Effects of noise upon sleep depend on the characteristics of the noise stimulus, the age and the sex of the sleeper, history of previous sleep adaptation and motivation. Noise inhibits increase in eosinophil’s and basophiles that occur during sleep.
The sleep of children and younger people are less affected than that of the middle age and older people. Women are more sensitive to noise than men during sleep.
Noise causes increased blood pressures, heart rate and higher pulse amplitude, vascular constriction, changes in respiration, cardiac arrhythmias and increase body movement during sleep. The probability of being awakened increases with the number of noise event per night. For a good night sleep, equivalent sound level should not exceed 30db.
4. Stress Response
Noise, especially sudden and unexpected, evokes primitive stress response the flight or flight reaction of the autonomic nerve system. If the noise stimulus is sustained, it will cause persistent changes in the neurosensory, circulatory, endocrine, and secretory and digestive systems.
Noise exposure affects the body‘s physiological function both temporarily and permanently. After prolonged exposure to noise, susceptible individuals develop hypertension and is chaemia heart disease because sound evokes reflex responses that elevate adrenaline levels, triggers narrowing of the blood vessels.
Sound levels of road traffic constrict the arterial blood flow and raises blood flow. High noise level, on its own, produces natural stress reaction resulting in increased frequency of headache, fatigue, stomach ulcers and vertigo.
5. Mental Illness
Exposure to high levels of noise has been associated with the development of neurosis, including disengagement and increased aggressive behavior. The use or consumption of tranquilizers and sleeping peels is higher in noise exposed persons, besides psychiatric symptoms and admission rates, all suggest effects of noise.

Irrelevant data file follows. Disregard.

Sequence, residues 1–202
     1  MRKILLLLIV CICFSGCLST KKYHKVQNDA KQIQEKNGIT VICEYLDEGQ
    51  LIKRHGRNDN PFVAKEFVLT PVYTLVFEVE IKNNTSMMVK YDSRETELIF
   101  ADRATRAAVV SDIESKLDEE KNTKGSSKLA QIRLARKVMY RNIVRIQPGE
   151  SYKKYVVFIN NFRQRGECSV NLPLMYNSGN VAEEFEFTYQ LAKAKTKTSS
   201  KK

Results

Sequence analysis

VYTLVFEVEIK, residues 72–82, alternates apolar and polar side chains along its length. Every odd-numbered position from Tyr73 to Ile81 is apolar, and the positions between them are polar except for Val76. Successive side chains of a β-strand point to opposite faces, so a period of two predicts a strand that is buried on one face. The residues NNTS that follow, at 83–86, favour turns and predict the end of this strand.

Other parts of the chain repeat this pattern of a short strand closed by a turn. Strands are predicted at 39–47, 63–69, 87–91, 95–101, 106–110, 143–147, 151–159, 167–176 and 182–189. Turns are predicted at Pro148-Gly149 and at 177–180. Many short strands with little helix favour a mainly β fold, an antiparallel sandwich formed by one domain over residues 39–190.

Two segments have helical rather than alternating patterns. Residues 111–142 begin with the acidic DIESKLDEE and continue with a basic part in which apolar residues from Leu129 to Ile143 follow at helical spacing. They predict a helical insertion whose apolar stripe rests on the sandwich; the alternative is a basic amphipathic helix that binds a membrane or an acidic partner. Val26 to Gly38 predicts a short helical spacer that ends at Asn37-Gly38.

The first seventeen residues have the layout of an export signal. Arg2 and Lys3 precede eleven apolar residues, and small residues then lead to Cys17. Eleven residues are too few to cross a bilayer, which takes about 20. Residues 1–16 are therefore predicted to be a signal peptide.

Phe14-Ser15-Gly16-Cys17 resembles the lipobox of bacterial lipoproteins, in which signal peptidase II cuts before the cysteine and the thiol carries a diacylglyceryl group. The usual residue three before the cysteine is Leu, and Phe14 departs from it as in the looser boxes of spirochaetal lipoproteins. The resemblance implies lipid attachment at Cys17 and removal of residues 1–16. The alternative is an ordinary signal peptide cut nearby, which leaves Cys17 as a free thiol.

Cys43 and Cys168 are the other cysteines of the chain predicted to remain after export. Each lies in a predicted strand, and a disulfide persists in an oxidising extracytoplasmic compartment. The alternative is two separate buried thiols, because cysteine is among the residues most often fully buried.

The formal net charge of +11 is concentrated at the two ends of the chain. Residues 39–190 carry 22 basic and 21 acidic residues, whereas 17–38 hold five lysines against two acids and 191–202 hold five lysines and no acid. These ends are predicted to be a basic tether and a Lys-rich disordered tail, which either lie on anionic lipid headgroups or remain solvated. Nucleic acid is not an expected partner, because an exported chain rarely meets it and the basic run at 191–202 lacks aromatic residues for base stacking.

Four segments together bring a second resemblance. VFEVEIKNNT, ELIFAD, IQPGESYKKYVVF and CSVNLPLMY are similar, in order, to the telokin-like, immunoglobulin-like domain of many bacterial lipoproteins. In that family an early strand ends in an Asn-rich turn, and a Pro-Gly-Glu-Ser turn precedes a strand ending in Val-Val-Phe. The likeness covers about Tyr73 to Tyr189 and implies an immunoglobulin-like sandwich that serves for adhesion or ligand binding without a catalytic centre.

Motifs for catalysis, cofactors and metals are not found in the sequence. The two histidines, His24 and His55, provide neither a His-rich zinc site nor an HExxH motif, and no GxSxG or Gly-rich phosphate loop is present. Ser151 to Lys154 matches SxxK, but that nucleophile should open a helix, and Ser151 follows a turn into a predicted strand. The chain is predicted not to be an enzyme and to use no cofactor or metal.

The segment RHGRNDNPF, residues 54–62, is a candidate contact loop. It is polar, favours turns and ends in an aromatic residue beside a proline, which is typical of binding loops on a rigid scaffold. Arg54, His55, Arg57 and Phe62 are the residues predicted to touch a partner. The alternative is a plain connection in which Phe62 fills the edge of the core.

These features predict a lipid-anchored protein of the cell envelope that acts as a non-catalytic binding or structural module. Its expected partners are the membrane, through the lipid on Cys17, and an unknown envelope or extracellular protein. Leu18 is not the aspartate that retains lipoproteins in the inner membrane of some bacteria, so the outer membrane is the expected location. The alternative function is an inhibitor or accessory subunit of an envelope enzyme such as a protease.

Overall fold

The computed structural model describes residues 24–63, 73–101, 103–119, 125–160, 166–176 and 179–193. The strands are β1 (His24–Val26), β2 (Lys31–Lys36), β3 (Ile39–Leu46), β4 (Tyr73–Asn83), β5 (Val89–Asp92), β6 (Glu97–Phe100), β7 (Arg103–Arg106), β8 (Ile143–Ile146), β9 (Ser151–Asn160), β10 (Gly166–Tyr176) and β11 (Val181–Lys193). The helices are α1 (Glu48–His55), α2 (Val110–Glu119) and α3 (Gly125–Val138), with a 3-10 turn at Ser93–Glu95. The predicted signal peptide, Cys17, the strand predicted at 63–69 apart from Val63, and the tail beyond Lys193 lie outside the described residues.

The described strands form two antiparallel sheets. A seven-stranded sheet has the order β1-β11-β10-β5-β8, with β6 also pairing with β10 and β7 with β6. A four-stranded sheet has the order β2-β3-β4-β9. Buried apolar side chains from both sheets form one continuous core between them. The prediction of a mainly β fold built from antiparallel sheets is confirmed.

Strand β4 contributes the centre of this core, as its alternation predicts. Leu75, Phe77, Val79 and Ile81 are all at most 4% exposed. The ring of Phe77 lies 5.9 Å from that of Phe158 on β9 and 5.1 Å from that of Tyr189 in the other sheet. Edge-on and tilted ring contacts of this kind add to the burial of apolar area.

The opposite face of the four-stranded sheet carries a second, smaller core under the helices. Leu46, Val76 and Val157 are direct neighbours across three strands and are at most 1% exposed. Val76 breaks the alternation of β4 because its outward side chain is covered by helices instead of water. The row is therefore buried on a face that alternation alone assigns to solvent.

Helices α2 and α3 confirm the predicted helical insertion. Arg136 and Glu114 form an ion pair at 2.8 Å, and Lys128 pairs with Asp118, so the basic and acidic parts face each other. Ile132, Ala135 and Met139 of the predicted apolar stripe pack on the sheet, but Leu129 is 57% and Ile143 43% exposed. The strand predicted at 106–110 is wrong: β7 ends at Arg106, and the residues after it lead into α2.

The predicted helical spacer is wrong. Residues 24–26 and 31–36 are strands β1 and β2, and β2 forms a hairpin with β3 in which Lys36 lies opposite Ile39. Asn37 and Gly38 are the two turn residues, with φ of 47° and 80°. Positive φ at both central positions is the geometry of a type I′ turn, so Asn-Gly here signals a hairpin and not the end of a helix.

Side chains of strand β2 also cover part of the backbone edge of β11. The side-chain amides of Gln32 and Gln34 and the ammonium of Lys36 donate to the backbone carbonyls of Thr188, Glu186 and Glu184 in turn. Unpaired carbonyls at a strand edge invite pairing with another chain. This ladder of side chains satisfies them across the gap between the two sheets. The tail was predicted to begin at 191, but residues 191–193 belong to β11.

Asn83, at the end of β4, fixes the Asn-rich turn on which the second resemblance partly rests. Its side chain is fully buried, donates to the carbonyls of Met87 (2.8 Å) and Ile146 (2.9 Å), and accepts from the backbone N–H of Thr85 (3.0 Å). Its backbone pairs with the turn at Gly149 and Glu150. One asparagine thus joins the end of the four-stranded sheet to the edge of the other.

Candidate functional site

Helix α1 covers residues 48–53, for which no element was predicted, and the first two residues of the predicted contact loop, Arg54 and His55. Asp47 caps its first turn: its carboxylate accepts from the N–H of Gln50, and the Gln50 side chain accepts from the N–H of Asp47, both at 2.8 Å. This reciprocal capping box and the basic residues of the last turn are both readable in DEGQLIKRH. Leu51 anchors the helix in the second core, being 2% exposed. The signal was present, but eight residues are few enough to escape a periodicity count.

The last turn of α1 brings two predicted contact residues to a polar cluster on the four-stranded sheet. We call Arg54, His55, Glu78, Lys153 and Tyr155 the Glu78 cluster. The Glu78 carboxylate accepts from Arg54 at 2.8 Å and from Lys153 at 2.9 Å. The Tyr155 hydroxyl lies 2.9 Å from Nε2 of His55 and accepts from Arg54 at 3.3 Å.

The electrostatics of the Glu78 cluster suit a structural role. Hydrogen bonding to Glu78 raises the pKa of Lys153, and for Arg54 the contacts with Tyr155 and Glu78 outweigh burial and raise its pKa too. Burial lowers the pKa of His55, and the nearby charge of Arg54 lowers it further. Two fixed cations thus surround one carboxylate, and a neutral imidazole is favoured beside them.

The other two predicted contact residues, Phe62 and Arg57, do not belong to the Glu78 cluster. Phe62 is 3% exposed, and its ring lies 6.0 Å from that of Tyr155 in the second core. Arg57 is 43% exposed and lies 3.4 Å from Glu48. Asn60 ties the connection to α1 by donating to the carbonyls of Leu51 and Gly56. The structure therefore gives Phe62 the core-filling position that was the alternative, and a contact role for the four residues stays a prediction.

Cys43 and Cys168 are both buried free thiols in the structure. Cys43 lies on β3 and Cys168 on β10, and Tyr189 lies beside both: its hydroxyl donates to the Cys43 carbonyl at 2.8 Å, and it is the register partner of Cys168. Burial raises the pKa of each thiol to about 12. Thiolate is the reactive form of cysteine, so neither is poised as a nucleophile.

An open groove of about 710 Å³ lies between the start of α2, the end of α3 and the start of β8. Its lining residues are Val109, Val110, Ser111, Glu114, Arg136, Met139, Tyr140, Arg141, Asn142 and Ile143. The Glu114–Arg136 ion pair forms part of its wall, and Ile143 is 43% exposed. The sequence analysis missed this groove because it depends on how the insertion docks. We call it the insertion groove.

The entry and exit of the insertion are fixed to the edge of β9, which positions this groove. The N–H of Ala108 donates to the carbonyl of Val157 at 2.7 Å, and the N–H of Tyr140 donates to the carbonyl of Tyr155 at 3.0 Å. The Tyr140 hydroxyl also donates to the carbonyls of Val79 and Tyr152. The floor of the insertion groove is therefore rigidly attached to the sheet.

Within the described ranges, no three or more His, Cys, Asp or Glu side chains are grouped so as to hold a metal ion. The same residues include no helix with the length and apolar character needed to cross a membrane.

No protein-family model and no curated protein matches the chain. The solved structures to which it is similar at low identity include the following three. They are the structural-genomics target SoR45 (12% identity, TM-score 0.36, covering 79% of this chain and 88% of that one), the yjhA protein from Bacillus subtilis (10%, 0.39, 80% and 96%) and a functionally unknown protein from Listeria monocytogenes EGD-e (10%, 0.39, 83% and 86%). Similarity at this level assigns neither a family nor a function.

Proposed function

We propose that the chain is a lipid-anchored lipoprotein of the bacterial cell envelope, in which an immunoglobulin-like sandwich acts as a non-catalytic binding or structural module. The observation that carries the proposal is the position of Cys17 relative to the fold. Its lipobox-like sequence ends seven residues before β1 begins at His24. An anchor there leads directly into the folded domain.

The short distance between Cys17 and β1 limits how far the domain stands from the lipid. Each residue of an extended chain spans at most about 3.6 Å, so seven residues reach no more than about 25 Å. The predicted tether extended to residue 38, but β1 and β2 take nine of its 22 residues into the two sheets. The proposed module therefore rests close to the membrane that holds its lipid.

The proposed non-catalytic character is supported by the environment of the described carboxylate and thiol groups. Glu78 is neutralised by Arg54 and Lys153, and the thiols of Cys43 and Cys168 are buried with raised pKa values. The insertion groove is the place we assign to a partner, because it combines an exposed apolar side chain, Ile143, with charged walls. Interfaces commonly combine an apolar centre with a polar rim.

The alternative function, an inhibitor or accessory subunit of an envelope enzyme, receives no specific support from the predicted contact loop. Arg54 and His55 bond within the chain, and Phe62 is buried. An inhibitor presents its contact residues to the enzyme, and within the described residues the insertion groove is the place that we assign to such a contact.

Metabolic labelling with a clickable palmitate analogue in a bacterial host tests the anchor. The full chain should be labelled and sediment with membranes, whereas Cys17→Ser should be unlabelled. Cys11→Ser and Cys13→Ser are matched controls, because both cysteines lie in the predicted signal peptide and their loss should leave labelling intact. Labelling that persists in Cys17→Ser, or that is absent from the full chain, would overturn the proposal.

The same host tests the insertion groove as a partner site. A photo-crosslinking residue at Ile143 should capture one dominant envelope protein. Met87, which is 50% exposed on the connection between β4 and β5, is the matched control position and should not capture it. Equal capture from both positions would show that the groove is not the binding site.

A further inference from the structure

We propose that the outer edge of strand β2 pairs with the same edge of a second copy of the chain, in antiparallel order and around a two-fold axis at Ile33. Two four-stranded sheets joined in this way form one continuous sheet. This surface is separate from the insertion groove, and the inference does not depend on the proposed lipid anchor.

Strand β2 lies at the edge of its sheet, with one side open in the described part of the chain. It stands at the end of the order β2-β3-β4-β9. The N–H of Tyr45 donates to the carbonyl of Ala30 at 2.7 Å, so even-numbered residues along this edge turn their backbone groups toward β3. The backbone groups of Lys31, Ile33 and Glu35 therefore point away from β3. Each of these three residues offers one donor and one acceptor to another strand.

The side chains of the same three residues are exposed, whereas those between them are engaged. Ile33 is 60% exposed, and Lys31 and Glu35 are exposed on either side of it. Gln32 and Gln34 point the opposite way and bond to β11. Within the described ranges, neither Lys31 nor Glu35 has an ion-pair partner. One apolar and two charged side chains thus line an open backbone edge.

Noise Control Measures
It is necessary to control noise for the good of everyone. The existing legislation needs to be enforced. For instance, the Federal Environmental Protection Agency (FEPA) guidelines on noise exposure limits provide a limit of 90db for an 8hr period in an industry, violation of which attracts sanctions under the law.
The Mineral Oil Safety Regulation (MOSR) requires operators in the oil industries to provide hearing protection devices for workers exposed to noise levels equal or greater than 85db for 8hr time weighted average, and no unprotected person is to be exposed to noise levels equal to 115db for any length of time.
Noise is limited to 50db at night in residential areas. Besides, personnel annual medical check is to include audiometric test.
The use of power generating sets is rift, especially in commercial areas. It follows therefore, that control measures will include the following:
– Public enlightenment through the media
– Health talk for noise generators
– Planning and organizing marketing areas for electronics and
– Education of itinerant hawkers of musical wares on noise pollution and sales management.
For the general population, noise can be reduced by the following measures:
– Provision of adequate and functional amenities and securities
– Sanctioning religious and other generators of excessive noise at night and during the day.
In conclusion, noise is a common phenomenon especially in most developing countries where the most desirable legislative control measures are not in place. Noises at excessive levels affect human health and there is the need for authorities concerned to do something on it.